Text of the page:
Intronic enhancers of the human SNCA gene predominantly regulate its expression in brain in vivo

Fubo Cheng*, Wenxu Zheng, Chang Liu, Peter Antony Barbuti, Libo Yu-Taeger, Nicolas Casadei, Jeannette Huebener-Schmid, Jakob Admard, Karsten Boldt, Katrin Junger, Marius Ueffing, Henry Houlden, Manu Sharma, Rejko Kruger, Kathrin Grundmann-Hauser, Thomas Ott, Olaf Riess

*Corresponding author for this work

Research output: Contribution to journalArticleResearchpeer-review

4 Citations (Scopus)


Evidence from patients with Parkinson’s disease (PD) and our previously reported α-synuclein (SNCA) transgenic rat model support the idea that increased SNCA protein is a substantial risk factor of PD pathogenesis. However, little is known about the transcription control of the human SNCA gene in the brain in vivo. Here, we identified that the DYT6 gene product THAP1 (THAP domain-containing apoptosis-associated protein 1) and its interaction partner CTCF (CCCTC-binding factor) act as transcription regulators of SNCA. THAP1 controls SNCA intronic enhancers’ activities, while CTCF regulates its enhancer-promoter loop formation. The SNCA intronic enhancers present neurodevelopment-dependent activities and form enhancer clusters similar to “super-enhancers” in the brain, in which the PD-associated single-nucleotide polymorphisms are enriched. Deletion of the SNCA intronic enhancer clusters prevents the release of paused RNA polymerase II from its promoter and subsequently reduces its expression drastically in the brain, which may provide new therapeutic approaches to prevent its accumulation and thus related neurodegenerative diseases defined as synucleinopathies.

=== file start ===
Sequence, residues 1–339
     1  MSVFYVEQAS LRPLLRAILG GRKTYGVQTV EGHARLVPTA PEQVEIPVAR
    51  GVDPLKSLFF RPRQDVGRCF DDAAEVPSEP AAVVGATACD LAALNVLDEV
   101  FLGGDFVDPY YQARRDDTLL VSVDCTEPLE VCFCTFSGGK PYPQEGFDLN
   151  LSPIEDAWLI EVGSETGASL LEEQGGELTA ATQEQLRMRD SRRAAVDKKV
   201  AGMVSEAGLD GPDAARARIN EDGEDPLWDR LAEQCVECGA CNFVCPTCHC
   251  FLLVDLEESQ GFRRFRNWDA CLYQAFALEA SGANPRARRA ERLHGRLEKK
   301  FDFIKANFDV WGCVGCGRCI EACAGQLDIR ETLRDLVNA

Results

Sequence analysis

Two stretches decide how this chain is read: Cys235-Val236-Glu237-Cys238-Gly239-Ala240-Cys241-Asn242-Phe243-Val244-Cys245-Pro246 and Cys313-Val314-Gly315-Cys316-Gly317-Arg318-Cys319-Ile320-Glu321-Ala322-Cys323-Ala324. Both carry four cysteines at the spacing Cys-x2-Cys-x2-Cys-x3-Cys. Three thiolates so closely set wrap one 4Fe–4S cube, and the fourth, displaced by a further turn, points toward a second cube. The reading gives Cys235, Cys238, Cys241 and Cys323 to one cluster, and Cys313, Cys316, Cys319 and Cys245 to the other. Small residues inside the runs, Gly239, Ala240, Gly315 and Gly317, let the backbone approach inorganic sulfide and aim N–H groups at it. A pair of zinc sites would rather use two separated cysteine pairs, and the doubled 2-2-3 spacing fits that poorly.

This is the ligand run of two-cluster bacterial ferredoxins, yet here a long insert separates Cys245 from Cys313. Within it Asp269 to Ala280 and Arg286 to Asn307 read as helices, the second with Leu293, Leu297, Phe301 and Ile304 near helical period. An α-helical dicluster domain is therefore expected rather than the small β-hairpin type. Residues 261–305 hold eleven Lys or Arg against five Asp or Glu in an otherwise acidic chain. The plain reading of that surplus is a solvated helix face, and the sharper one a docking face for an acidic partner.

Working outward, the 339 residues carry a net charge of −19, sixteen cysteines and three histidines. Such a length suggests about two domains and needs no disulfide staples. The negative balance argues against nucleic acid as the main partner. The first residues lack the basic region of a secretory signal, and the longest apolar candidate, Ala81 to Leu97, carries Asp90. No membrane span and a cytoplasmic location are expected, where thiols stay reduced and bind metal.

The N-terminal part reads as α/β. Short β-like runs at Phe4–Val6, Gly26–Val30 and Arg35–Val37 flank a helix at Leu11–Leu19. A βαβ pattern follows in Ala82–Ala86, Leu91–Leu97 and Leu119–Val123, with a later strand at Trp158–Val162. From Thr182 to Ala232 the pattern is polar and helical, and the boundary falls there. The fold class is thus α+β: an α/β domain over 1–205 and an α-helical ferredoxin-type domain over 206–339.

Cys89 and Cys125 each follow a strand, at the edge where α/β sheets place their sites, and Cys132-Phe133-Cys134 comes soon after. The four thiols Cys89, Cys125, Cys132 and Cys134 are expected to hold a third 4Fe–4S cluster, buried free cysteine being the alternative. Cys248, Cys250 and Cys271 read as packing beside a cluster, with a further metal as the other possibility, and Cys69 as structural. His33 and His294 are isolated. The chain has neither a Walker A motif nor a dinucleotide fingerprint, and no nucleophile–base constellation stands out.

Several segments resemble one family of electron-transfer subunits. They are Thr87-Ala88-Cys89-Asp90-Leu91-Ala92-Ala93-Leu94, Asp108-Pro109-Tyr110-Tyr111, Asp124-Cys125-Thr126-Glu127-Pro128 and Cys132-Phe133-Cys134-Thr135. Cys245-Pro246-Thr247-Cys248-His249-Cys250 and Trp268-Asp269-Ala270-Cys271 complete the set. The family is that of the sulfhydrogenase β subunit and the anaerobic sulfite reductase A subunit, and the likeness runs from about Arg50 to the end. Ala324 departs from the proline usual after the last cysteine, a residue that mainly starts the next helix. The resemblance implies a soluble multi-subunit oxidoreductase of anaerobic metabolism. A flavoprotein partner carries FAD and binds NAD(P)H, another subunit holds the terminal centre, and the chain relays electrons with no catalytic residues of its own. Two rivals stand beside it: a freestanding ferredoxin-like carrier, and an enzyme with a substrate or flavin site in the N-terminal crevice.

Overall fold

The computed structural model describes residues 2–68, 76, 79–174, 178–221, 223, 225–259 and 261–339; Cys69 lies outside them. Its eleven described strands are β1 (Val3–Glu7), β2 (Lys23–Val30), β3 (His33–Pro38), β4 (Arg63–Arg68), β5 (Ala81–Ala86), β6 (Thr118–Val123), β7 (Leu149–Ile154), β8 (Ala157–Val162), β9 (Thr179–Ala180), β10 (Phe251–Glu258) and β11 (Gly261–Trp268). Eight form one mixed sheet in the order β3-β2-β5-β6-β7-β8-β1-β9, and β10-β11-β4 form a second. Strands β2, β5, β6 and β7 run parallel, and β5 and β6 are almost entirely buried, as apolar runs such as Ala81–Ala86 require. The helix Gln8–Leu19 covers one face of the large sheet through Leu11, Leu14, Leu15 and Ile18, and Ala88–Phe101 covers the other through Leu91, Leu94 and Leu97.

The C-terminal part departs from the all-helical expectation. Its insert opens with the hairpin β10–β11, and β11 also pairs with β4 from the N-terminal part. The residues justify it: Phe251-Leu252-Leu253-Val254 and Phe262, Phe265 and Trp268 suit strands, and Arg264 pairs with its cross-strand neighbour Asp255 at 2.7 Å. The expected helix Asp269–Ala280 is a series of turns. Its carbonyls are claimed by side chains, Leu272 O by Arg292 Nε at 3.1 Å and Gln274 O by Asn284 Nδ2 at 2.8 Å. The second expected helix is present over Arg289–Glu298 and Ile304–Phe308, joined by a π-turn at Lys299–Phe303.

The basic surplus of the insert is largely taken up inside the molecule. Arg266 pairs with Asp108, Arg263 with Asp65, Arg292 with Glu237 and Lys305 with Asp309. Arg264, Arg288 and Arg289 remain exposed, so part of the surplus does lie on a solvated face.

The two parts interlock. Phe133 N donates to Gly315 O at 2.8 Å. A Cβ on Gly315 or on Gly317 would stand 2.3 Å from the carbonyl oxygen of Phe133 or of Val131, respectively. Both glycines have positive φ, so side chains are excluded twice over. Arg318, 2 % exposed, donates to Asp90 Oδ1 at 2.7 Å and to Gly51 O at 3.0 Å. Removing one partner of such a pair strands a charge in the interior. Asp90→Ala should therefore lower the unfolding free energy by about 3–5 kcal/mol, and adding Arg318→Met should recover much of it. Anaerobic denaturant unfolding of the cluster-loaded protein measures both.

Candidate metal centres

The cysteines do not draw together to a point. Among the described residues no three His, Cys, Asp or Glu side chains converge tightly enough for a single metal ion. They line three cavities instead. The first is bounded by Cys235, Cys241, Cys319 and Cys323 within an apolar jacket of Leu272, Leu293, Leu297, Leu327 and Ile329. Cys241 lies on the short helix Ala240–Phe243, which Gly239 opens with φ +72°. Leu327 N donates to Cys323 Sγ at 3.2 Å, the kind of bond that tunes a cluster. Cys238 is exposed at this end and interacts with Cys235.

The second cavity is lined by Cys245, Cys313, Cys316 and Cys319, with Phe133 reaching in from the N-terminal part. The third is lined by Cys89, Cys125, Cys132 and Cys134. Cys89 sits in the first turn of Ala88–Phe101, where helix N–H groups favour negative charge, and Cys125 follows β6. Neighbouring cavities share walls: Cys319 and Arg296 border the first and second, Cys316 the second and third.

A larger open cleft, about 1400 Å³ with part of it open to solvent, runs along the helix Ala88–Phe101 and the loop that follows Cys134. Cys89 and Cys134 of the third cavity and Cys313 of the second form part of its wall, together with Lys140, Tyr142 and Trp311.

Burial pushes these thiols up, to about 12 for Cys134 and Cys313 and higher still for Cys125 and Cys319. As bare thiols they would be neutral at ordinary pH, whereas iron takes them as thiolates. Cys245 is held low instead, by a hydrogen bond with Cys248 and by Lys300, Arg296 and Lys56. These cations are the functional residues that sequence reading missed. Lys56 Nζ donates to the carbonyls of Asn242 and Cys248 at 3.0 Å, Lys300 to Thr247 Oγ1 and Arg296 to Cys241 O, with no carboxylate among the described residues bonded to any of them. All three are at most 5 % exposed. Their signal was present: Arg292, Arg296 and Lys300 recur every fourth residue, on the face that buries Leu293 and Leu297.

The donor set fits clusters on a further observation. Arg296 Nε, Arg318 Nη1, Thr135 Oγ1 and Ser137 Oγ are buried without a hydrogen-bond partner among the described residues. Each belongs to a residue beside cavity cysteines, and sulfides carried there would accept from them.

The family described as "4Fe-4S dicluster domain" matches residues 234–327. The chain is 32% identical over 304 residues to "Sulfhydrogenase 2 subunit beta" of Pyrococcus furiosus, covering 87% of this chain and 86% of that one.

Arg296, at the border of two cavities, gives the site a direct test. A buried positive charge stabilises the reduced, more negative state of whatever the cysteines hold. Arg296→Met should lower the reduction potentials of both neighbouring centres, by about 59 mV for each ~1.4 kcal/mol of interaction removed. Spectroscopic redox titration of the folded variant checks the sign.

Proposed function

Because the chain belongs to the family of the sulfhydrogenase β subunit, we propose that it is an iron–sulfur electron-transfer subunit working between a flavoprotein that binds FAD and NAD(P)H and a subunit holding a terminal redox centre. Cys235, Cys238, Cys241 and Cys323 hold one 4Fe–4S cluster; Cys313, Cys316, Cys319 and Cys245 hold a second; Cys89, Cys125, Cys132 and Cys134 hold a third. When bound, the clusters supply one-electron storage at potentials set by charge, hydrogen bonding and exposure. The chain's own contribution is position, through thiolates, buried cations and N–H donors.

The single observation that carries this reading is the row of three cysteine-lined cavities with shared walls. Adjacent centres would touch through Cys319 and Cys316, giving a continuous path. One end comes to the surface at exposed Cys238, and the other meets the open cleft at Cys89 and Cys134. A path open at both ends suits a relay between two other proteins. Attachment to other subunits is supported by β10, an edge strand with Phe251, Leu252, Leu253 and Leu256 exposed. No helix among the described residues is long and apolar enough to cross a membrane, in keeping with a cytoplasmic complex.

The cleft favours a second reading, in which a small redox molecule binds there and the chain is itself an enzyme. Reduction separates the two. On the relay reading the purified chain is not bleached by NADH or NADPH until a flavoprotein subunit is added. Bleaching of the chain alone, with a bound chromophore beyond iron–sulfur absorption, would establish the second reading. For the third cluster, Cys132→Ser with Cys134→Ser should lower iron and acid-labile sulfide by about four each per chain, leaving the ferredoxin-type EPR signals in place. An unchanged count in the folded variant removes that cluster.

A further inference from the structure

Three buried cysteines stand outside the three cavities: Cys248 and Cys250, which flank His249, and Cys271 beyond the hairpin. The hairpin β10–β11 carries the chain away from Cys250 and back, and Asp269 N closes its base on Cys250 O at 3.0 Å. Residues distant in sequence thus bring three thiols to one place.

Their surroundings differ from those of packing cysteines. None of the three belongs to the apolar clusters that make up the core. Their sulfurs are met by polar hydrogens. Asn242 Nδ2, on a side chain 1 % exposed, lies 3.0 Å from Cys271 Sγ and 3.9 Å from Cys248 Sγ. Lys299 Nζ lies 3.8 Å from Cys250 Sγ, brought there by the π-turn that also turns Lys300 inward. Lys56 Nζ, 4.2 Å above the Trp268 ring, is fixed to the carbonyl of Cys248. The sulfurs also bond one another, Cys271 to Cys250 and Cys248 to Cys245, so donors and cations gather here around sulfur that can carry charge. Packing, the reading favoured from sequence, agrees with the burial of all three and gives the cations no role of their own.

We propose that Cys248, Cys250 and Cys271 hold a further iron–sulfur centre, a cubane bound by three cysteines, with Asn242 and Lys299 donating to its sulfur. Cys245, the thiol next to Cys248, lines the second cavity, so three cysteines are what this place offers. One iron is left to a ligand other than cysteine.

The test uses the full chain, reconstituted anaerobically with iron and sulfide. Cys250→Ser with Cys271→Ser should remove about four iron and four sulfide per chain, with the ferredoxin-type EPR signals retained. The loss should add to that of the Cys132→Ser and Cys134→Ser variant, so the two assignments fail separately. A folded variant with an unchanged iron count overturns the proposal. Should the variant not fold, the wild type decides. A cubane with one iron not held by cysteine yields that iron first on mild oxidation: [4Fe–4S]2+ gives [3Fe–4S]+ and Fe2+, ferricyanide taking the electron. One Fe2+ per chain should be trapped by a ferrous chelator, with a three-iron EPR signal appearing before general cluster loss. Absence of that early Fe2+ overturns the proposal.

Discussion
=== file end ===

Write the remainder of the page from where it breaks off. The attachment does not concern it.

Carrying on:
Original languageEnglish
Article numbereabq6324
JournalScience advances
Issue number47
Publication statusPublished - 25 Nov 2022


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